Have a SWEET New Year

Honey tastes good, that’s for sure. But did you know that this natural sweetener could have benefits to our oral health? The thick, golden liquid, specifically a darker variety called manuka from Australia and New Zealand, may have higher antibacterial properties that can help relieve oral health issues.

In a study reported in the Journal of Antimicrobial Chemotherapy, honey was studied with results showing an antimicrobial activity against oral (periodontal) pathogens that cause severe gum disease. According to Dr. Alvin Danenberg, who writes about the topic in the online source Dr. Bicuspid, raw and unfiltered honeys all contain active chemicals that can be good sources of amino acids, B vitamins, zinc, potassium, iron, calcium, magnesium and phosphorus.

Honey Through History

This is not the first time that honey, specifically manuka honey, has been reported to show broad-spectrum antibacterial activity. Since ancient times, honey has been attributed with curative properties. In addition to perhaps being nature’s first source of sweetener, honey was used by ancient Egyptians to produce healing salves and, overall, seemed to have served as an integral part of everyday life. Stone age paintings reportedly show the use of honey in diets and medicine.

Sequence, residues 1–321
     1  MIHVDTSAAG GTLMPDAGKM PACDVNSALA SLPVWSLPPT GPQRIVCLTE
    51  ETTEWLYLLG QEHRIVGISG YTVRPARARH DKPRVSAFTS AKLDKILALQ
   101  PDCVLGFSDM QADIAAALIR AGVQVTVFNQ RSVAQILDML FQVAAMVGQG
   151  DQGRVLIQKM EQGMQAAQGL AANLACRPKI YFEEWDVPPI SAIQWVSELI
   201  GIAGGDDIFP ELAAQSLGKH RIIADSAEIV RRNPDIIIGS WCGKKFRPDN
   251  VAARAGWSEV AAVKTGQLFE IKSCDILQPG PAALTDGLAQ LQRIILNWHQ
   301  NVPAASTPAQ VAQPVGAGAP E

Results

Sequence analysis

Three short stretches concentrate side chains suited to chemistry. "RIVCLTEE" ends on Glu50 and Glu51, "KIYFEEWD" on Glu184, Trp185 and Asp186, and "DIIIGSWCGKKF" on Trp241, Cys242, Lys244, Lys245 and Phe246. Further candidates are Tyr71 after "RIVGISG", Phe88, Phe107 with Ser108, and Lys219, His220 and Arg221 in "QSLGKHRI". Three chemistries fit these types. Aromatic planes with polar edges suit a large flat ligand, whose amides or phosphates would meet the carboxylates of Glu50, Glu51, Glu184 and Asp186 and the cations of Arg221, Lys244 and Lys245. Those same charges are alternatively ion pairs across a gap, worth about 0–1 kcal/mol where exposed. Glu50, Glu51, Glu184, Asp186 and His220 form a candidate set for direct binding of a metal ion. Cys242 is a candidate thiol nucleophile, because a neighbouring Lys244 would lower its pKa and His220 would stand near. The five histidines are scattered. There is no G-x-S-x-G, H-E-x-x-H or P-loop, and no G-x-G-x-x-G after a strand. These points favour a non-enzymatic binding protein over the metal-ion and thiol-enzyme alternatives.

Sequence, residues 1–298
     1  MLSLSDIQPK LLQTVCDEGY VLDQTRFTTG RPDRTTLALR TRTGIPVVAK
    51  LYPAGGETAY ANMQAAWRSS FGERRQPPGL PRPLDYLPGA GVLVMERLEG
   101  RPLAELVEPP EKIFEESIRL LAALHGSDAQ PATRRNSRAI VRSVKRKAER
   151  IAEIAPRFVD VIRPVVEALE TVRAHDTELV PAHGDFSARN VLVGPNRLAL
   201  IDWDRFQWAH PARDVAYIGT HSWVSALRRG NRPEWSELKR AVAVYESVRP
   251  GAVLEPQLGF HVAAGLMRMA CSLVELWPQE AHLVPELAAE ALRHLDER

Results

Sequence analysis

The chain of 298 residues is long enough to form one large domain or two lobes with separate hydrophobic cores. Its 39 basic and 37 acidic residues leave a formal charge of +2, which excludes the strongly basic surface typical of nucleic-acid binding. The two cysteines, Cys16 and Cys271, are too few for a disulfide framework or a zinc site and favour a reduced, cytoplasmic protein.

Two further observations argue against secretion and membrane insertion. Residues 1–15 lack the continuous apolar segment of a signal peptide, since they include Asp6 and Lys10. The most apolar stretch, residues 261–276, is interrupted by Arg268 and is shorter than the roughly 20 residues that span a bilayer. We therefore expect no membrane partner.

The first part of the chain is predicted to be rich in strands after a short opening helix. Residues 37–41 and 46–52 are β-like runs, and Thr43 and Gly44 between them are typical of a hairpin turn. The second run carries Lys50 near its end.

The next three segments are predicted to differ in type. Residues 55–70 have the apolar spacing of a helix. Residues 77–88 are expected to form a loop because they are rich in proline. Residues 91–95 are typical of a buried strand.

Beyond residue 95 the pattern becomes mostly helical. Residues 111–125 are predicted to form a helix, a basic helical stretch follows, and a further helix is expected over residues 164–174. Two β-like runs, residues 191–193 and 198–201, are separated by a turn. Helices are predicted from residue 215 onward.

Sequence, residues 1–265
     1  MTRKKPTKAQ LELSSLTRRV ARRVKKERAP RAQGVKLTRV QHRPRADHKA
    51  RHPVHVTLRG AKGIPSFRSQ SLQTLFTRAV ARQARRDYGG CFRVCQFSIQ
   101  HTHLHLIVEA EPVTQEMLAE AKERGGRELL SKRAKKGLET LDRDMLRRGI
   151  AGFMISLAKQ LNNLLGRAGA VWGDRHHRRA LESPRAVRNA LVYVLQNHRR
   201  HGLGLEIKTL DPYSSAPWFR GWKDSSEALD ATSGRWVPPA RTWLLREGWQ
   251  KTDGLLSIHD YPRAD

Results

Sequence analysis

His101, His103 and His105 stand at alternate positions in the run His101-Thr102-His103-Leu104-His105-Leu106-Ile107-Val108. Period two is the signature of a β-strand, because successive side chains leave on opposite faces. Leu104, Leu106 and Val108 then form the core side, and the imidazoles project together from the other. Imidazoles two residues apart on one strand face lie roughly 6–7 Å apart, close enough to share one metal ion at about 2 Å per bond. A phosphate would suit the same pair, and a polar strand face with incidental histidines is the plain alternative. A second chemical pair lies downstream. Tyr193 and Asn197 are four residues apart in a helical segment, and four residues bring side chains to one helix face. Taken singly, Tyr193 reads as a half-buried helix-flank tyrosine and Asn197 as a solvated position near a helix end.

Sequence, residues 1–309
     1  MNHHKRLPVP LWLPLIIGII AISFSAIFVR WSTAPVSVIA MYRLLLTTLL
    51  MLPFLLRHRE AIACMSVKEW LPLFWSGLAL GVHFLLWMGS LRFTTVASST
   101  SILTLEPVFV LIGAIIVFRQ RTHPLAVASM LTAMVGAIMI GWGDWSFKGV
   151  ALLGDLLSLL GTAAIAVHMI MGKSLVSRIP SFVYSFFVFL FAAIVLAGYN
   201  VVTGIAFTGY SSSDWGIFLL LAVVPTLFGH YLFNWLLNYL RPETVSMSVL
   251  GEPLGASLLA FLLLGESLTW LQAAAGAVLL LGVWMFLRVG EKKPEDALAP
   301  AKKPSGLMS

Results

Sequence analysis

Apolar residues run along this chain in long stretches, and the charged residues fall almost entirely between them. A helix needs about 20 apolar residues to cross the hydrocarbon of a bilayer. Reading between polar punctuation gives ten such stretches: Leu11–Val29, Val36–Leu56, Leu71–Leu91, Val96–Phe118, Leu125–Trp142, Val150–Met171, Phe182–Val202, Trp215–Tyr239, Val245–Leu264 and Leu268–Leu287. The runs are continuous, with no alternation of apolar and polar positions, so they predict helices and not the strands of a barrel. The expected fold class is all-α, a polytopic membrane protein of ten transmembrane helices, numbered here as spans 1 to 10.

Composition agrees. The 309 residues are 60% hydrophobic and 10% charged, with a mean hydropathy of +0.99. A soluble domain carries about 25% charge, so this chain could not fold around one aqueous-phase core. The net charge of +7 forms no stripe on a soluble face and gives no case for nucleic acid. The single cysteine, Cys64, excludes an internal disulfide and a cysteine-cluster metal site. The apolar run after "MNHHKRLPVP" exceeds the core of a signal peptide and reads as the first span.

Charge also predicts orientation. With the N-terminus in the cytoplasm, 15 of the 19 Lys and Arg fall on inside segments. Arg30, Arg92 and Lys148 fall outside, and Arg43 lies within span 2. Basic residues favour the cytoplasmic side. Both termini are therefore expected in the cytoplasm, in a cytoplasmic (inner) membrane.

In his article summarizing recent study information, Dr. Danenberg shows oral benefits of honey which may help:

1/PREVENT the development of resistant strains of bacteria.

2/ REDUCE acid production (manuka honey in particular) which therefore may help reduce gingivitis (gum disease).

3/CONTROL odor and inflammation in wounds secondary to squamous cell carcinoma in the oral cavity.

4/TREAT dry mouth in people undergoing treatment for head or neck cancer.

Similar studies have reported that:

  • Honey could be used to help prevent cavities and gingivitis following orthodontic treatment.
  • Honey may be helpful in preventing radiation-induced mucositis, an adverse inflammatory reaction.
  • Propolis (a sticky substance also called “bee glue”) offers antiviral and fungicidal properties useful in treatment of gum disease.
  • Chewing or sucking on manula honey could potentially reduce plaque and gingival bleeding.

We’re certainly not suggesting you cancel your next periodontal maintenance visit and slather on some honey instead. But it’s interesting to see how this common table food may have a place in modern medicine.

We’re always open to new ideas that promote oral health and look forward to seeing more research on this particular topic in the future. And don’t forget that, if you need treatment for gum disease, our doctors and periodontal hygienists offer today’s latest protocols to ensure you receive the area’s best periodontal care. Call us today at either 267-677-8686 (NE Philadelphia) or 215-643-4393 (Ambler) for more information. No referral is necessary!